In high school, Johnathan Gray rushed for a national-record 205 touchdowns, but through five games in college he has just as many as all of his offensive linemen put
together — none.
This isn’t exactly his fault, though. Gray has run well during his freshman campaign and has shown the poise and patience of an upperclassman. Still, none of those attributes have helped him reach the end zone.
Last Saturday against West Virginia, he had his best opportunity to score yet. The offensive line created a large hole in the middle of the field and after one cut, Gray was gone. Well, almost. He ran 49 yards before getting caught from behind on the 1-yard line, falling just inches short of his goal.
Most backs would get the opportunity to punch it in from there, but not Gray. The Texas backfield features a 6-foot-1-inch, 230-pound bowling ball in Joe Bergeron, who will “vulture” any goal-line carries from the other Texas rushers.
It’s a system that’s become a bit of a running joke between Gray and Bergeron.
“Yeah, I’m okay with scoring now and then,” Gray chuckled. “[Bergeron] told me, ‘If you fall on the one, my package is coming in,’ and every time I hit that 1-yard line I’m like, ‘Ah, here we go, you get it.’”
But other than his unfortunate lack of scores, Gray has been everything that he was billed as when he entered Texas as the consensus No. 1 running back in the nation.
He’s been an explosive threat out of the backfield, made impressively quick cuts and has even pounded the ball through the middle with success. Those talents have quickly earned him playing time from the coaching staff. In each game of the season his carry total has increased as had his yards gained. Gray has rushed for 244 yards on 47 carries through five contests.
The majority of those carries have come out of the team’s specialty package, the Wild formation, in which Gray lines up the backfield and takes the direct snap. It’s a formation where his rare combination of speed and power make him deadly, and it’s a set he’s directed with the poise of an upperclassman.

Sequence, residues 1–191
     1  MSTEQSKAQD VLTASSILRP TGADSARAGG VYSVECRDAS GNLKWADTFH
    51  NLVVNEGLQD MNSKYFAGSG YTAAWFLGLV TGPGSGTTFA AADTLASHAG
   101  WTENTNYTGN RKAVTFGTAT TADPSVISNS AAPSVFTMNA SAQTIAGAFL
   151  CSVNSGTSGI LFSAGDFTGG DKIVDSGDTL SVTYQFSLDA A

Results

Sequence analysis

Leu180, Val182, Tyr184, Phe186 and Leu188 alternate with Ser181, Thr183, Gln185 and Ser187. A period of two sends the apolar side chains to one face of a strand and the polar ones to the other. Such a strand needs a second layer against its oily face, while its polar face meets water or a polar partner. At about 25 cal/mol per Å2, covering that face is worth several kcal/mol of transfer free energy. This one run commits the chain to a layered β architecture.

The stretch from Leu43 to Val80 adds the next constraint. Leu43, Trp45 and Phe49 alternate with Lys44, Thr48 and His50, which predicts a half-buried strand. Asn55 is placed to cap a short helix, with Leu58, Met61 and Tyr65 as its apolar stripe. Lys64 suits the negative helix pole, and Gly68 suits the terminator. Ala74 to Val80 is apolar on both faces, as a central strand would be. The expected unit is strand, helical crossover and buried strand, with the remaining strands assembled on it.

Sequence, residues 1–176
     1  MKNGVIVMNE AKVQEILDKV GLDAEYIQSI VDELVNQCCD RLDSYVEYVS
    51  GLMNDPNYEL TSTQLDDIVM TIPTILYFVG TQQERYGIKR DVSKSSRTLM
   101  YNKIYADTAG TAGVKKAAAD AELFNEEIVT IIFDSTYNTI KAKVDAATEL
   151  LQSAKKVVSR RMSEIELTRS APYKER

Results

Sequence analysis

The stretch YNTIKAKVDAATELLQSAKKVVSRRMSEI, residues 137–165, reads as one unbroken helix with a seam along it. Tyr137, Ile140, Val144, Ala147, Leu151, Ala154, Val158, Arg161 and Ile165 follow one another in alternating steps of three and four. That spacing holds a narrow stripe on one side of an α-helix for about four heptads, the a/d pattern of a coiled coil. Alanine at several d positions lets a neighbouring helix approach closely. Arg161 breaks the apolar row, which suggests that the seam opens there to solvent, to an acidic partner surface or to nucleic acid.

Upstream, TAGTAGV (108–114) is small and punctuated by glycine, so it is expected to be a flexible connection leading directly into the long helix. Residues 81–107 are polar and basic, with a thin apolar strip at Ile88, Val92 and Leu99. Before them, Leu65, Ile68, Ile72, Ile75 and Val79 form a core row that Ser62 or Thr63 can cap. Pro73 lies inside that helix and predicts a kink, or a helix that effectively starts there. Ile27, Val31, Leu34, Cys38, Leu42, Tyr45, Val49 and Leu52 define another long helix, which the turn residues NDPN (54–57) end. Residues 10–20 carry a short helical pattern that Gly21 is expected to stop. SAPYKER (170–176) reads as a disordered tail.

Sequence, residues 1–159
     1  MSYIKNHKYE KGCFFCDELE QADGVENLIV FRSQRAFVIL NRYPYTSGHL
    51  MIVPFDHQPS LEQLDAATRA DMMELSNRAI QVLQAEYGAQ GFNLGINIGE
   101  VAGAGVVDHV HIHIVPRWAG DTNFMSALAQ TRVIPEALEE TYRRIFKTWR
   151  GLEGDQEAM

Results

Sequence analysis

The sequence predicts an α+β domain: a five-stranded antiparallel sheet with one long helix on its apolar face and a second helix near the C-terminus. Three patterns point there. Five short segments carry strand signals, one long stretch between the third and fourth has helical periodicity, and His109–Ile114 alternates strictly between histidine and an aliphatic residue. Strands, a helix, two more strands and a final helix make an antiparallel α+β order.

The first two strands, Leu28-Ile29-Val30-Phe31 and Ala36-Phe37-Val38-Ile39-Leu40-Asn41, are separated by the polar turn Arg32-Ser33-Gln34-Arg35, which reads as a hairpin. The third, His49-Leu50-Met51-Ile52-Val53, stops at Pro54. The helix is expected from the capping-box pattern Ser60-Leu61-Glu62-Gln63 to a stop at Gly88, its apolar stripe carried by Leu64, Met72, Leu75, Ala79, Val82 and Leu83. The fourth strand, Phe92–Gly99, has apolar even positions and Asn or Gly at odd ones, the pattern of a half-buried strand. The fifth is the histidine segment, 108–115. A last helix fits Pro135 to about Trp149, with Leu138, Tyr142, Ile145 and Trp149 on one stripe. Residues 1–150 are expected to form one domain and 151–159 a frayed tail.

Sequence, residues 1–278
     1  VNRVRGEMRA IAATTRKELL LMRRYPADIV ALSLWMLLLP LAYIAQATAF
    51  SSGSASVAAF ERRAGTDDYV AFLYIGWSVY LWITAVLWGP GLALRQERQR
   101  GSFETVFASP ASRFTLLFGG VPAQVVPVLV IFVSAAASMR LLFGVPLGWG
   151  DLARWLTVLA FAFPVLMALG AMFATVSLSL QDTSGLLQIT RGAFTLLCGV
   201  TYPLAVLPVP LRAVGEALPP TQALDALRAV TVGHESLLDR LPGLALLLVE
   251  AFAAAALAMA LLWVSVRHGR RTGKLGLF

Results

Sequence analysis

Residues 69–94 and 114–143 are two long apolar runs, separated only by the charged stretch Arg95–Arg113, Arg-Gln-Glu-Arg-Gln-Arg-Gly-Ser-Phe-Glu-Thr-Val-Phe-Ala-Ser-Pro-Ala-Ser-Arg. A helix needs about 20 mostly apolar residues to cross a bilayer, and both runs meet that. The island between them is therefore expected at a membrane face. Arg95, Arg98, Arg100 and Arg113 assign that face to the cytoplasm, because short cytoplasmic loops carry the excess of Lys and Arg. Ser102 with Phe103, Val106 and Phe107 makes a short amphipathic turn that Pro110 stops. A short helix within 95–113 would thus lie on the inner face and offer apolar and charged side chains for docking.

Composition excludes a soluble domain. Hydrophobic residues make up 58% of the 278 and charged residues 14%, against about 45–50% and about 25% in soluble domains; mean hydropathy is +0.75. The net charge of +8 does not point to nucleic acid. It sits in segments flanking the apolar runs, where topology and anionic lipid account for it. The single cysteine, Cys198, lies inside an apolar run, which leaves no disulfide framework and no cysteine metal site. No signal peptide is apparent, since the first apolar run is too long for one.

“He’s handling the Wild formation like a fifth-year senior,” head coach Mack Brown said. “He’s handling it like Fozzy [Whittaker] did. We didn’t know that in the preseason. We just weren’t sure who the guy was and what he was, but it’s definitely him.”
Brown may not have known it, but when Gray strolled onto the 40 Acres a few short months ago, the Longhorns were not only the recipients of an unbelievable football talent but they had also gained a heady individual in an 18-year-old’s body.
“Johnathan, he listens,” running back Jeremy Hills said. “He’s really mature for his age. He’s really good at taking what he learns in the film room out on the practice field and developing it. He’s not hard-headed like myself or other guys really early on, so he can go out there and play like an older guy.”
His quick maturation is evident when Gray discusses pass blocking, a skill that is often difficult for young backs to master because they just don’t do much blocking in high school. It’s a part of the game that’s key to any running back’s development, because without it coaches can’t lean on them in third-down situations.
“It’s something I have to get better at,” Gray said. “I work on it day in and day out. I just have to progress and be able to be that third-down back, too.”
With Gray’s drive you can expect him to make the improvement quickly. But for now Gray is sitting in a deep backfield that features the top fullback and halfback prospect in the class of 2010 — Bergeron and sophomore Malcolm Brown — and Hills, an experienced back who has excelled in his third-down role.
There aren’t a ton of carries to go around with that stacked of a running back room, but Gray has impressed the coaching staff with his poise and patience.
“He’s not one to sit back there and complain or pout,” co-offensive coordinator Bryan Harsin said. “He understands the situation that we’re in, and he also understands that the backfield is crowded. He doesn’t worry about the things he can’t control.”
However, he does feel he can orchestrate a score sooner rather than later. But if his big friend Joe continues to steal his goal-line carries, he won’t be too mad. He’ll just have to work that much harder not to fall on the 1-yard line the next time.